Reforms mirroring the Australian Future of Financial Advice (FOFA) legislation took effect in the UK on 31 December 2012, amid concerns the new regulations may lead to job cuts in the financial advice industry.
Among the new rules implicit in the Financial Services Authority's (FSA's) Retail Distribution Review (RDR) - a broad suite of reforms aimed at enhanced consumer protection - are increased restrictions on product commissions for financial advisers, including 'soft' commissions and cases of intended consumer rebate.
"Instead of the adviser being paid commission, they now have to explain to you how much advice will cost and together you will agree how you will pay for it," explains a statement on the FSA website.
"You will now come to an agreement with the adviser, whether to pay an upfront fee, or for the adviser to take their fee from your investment. A fee might be paid in a lump sum or instalments," it continues.
The reforms seek to remedy what the FSA perceives as a lack of transparency in the UK financial advice sector, including new professional standards requirements such as compliance with a new industry code of ethics.
"These changes are about making the cost of advice clearer - where else would you buy something without knowing in advance how much it costs?" FSA's head of investment intermediaries Linda Woodall wrote in a statement to the British press.
"Customers will now know how much advice is costing them, the service that they are receiving and be reassured that their adviser is qualified," she added.
Speculation has grown that the new restrictions will lead to job losses, with British bank Lloyds TSB announcing it will cut as many as 600 financial advisory positions in the wake of the RDR implementation, the Mail on Sunday has reported.
By contrast, HSBC UK said it has "embraced [the] positive new change," in a statement on the bank's website, adding that "[the reform suite] offers a number of benefits for our customers."
JP Morgan Asset Management has also welcomed the reform's implementation, while also warning that the industry may be adversely affected from a commercial standpoint.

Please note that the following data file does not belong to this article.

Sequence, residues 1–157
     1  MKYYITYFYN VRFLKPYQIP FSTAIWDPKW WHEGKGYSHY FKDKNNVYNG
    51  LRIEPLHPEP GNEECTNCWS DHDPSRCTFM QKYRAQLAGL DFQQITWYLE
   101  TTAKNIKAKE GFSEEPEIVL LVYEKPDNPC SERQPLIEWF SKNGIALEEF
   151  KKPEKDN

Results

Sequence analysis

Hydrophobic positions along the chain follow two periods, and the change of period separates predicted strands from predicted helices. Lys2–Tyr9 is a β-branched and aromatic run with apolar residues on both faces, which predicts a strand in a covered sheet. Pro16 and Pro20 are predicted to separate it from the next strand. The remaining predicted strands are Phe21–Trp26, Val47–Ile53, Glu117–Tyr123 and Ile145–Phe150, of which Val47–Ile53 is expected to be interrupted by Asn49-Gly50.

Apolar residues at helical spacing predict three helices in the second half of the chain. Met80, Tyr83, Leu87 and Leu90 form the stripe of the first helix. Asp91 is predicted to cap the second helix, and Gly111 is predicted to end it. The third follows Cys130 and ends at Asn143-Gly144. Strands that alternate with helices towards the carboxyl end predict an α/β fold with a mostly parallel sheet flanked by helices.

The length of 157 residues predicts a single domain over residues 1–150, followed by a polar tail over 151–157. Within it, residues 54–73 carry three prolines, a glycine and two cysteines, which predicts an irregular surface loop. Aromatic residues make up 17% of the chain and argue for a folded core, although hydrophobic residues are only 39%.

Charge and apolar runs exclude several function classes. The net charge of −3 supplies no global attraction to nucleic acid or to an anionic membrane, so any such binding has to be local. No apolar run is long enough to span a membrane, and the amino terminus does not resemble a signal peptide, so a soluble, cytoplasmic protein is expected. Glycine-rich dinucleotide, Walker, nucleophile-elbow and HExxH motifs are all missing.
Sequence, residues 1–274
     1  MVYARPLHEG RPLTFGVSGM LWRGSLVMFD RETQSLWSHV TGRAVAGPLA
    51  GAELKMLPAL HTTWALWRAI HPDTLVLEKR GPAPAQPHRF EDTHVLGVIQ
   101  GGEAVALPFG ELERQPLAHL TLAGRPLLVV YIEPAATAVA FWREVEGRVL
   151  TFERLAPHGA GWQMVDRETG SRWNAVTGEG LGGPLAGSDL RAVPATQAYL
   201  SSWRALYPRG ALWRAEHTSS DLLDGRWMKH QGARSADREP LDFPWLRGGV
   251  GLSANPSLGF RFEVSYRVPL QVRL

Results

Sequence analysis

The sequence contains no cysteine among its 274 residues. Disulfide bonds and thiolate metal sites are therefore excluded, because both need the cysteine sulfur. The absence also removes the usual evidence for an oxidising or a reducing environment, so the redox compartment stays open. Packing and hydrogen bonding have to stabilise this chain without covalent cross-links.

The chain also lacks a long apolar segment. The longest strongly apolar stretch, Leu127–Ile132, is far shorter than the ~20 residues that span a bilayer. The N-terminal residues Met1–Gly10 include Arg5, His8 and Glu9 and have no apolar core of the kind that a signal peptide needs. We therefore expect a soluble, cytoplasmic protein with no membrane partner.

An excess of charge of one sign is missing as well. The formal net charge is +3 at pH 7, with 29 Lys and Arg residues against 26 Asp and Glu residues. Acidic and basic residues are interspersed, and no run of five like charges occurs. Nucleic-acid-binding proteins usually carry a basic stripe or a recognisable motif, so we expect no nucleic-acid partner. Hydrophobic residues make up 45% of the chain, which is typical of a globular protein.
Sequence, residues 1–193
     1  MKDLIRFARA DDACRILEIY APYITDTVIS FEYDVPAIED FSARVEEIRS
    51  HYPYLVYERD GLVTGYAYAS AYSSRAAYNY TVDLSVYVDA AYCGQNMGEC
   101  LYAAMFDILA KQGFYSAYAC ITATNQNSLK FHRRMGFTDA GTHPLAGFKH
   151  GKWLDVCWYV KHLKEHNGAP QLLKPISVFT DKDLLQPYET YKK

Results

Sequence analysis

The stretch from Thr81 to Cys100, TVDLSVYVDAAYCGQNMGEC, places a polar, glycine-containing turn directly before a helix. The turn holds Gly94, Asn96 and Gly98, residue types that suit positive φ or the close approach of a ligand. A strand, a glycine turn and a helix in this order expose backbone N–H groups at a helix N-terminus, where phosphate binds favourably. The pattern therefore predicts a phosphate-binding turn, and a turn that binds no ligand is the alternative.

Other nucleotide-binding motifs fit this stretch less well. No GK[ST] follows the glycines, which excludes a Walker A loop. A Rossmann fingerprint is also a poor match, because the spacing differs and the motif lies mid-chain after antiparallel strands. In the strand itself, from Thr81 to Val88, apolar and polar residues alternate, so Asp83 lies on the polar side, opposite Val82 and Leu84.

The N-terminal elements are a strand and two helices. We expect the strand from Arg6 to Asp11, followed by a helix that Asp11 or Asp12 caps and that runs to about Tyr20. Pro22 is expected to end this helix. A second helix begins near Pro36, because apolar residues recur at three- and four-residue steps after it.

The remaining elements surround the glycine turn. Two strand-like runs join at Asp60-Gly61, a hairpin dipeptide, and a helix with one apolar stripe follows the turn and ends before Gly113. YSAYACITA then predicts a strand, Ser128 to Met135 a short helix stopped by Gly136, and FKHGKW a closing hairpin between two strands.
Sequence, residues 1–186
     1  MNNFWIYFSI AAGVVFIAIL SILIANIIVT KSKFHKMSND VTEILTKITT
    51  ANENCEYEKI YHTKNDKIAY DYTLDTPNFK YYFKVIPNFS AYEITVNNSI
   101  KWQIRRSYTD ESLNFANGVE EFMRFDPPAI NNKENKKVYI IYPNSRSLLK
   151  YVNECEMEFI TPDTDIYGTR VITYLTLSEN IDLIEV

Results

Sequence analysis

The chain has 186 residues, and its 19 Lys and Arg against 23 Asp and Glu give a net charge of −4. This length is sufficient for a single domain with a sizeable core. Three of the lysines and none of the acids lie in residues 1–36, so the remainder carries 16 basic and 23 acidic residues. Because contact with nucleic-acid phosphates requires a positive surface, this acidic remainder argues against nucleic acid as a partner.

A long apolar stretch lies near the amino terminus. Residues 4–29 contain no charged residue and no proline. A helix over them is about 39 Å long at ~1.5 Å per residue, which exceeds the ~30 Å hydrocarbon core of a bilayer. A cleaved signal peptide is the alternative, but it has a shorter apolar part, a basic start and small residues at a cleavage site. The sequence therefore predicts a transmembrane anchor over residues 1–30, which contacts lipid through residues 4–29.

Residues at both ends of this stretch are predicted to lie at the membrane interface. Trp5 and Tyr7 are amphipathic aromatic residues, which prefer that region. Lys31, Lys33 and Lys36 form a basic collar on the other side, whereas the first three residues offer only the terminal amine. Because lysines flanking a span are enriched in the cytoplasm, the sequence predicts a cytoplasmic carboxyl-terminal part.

"Consumers have always had to foot the bill for financial advice, but adviser charging will - for the first time - make the cost of all investment advice absolutely explicit," said JP Morgan's head of UK retail Jasper Berens.
"For advisory firms that already charge fees profitably and compliantly, the 2013 deadline should hold no worries; for those firms that have been remunerated primarily by commission, the new responsibilities posed by adviser charging may be daunting," he said.
According to a report released by JP Morgan to assist with RDR compliance, while 60 per cent of consumers approve of fee model implicit in the reform package, only eight per cent of the UK's population currently pay for, or claim to be willing to pay for, financial advice.
In responding to the move in the UK, the Australian Financial Services Council (FSC) has reiterated broad opposition to regulation of the financial services sector.
"Over-regulation is one of the key concerns of CEOs in the financial services industry in Australia," an FSC spokesperson said.
"In many cases regulation does not pass a simple cost-benefit test and is crippling productivity growth."
SUBSCRIBE TO THE IFA DAILY BULLETIN
11:33AMP adviser banned for charging dishonest feesBy Killian Plastow
09:56Rod Bristow named Macrovue CEOBy Aleks Vickovich
09:38Former IOOF GM joins Aus Ethical boardBy Staff Reporter
09:33Acorns to enter superannuation marketBy Staff Reporter
21 Feb 2018Age of ‘expensive platforms’ over: BetaSharesBy Aleks Vickovich
21 Feb 2018MP grills ASIC over adviser educationBy Killian Plastow
- view all